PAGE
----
Jon

Jon Marshall Tue, 12/23/2008 - 13:30

M

The other thing to check.

You are summarising from Dist switches to core switches. So Dist A summarises to core A and core b and ditto for Dist B.

The link between Dist A and Dist B - you are not summarising here are you ? - if you are you can't.

Jon

Jon Marshall Tue, 12/23/2008 - 20:01

M

Sorry, my answers were a bit brief before, i was a bit pushed for time.

One of 2 things could be happening but it would help if we went through how it should work.

Dist A should be advertising a summary route for 172.17.0.0/16 to core A & B. Same for Dist B.

Also there is a L3 link between Dist A and Dist B. So Dist A and Dist B should be EIGRP neigbors but you should not be summarising between these 2 switches.

Lets assume the path at the moment (before shutting down fa0/2 on Edge A) from 192.168.0.251 to 172.17.1.20 is Server Farm A switch -> Core A -> Dist A -> Edge A.

You then shut down fa0/2 and the following sequence should happen

1) The vlan interfaces for vlan 10 and vlan 30 go down on Dist A - this is the key point.

2) Because vlan 10 & vlan 30 interfaces have gone down the directly connected routes for vlan 10 & 30 subnets on Dist A are removed.

3) But these subnets also exist on Dist B and on Dist B the L3 SVI interfaces for vlan 10 & 30 are still up. So Dist A now receive routes from Dist B for these subnets.

4) Dist A forwards traffic for 172.17.1.20 to Dist B.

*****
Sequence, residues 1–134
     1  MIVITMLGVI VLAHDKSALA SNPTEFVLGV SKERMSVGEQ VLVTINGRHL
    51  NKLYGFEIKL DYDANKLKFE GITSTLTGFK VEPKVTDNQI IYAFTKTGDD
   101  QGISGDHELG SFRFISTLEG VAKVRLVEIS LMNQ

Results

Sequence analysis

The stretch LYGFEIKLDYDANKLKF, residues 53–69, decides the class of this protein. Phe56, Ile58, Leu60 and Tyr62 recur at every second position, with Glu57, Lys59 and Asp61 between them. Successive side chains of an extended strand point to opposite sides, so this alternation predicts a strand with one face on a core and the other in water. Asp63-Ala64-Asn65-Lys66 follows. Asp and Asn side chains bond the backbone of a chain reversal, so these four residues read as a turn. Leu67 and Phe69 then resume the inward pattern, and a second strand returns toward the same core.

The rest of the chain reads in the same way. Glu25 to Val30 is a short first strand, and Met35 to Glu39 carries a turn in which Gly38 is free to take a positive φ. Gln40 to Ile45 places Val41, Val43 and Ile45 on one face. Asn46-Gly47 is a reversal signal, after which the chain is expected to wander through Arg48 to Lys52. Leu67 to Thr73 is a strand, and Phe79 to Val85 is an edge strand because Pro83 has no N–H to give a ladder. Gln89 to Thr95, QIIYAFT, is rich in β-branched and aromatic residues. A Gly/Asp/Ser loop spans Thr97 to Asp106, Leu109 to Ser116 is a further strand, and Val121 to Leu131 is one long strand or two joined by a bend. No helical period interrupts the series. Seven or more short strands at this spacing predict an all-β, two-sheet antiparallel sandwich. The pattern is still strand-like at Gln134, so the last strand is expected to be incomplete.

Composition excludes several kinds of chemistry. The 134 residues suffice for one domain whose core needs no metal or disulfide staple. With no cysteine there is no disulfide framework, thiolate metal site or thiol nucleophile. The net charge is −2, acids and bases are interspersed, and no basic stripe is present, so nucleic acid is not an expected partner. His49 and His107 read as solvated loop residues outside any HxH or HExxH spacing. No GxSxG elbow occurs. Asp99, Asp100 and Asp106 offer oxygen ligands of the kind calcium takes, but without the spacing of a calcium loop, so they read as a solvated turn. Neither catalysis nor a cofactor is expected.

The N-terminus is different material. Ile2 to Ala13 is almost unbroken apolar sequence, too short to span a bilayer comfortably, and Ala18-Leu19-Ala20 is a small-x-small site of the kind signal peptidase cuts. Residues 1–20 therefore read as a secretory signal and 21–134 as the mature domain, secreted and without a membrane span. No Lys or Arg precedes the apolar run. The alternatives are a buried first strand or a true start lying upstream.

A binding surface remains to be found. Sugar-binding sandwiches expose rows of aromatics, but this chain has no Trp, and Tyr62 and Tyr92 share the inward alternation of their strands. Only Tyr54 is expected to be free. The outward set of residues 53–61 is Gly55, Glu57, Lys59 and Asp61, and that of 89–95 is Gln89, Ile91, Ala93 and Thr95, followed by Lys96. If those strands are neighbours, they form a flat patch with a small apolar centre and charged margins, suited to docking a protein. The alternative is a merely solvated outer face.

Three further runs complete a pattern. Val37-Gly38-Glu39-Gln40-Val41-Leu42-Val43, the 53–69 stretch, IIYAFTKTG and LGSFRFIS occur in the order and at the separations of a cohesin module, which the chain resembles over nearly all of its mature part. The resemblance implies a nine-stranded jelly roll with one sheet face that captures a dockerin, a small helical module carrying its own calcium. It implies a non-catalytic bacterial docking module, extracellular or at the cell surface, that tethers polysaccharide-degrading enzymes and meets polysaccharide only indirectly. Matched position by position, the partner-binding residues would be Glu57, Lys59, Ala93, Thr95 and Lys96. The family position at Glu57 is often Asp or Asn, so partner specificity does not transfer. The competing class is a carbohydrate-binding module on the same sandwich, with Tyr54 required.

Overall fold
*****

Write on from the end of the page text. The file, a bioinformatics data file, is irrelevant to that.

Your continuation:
5) Dist B sends traffic down trunk link to Edge A.

6) Because Fa0/2 was shutdown the active HSRP gateway was moved to Dist B so 172.17.1.20 sends the return packet back to Dist B.

So what could stop this happening.

i) If you are summarising between Dist A & Dist B. Note that when you use a summary address it puts a summary route to Null0 with an AD of 5 in the local routing table.

So going back to step 3 in previous example, if instead of Dist A receiving specific subnet routes you were relying on a summary route from Dist B, this summary route would have a higher AD than the local summary route to Null0 on Dist A. So the traffic would be blackholed because Dist A would use it's summary route to Null0.

Having said that i think the more likely problem is

ii) Your vlan interfaces on Dist A for vlan 10 & 30 MUST go down for this design to work - see step 1 above.

A L3 vlan interface will be in the up/up state if

a) there is a port in that vlan on the switch in the up/up state

OR

b) there is a trunk link with that vlan allowed on it that is still up

So you must make sure that the Dist A -> Edge A trunk link only allows vlans 10 & 30 on it. And you must make sure that the Dist A -> Edge B trunk link only allows vlan 20 & 40. If the Dist A -> Edge B trunk link also allowed vlans 10 & 30 then when you shutdown fa0/2 the L3 vlan interfaces on Dist A will stay up because there is still an active trunk link with those vlans on it.

Hope this makes sense.

Jon

Jon Marshall Tue, 12/23/2008 - 20:13

M

Sorry missed out the final bit.

If the layer 3 SVI's stay up for vlan 10 & 30 on Dist A then traffic will be dropped. It can't be sent across the L3 link to Dist B because vlan 10 & 30 are shown as direcly connected on Dist A so you can't route to these subnets across a L3 link because Dist A has them direcly connected.

Only if they go down can they then be routed across to Dist B.

Jon

shastymacnasty Wed, 12/24/2008 - 03:07

Jon, you are a gentleman!

Thank you, yes I had done everything as you had mentioned EXCEPT allowing the specific vlans over the trunks to the Edges.

I had configured each link as a trunk and was allowing all the vlans through, hence when i shutdown Fa0/2 the SVI's were not going down and dist A didnt know to send the packets to Dist B.. Thanks again M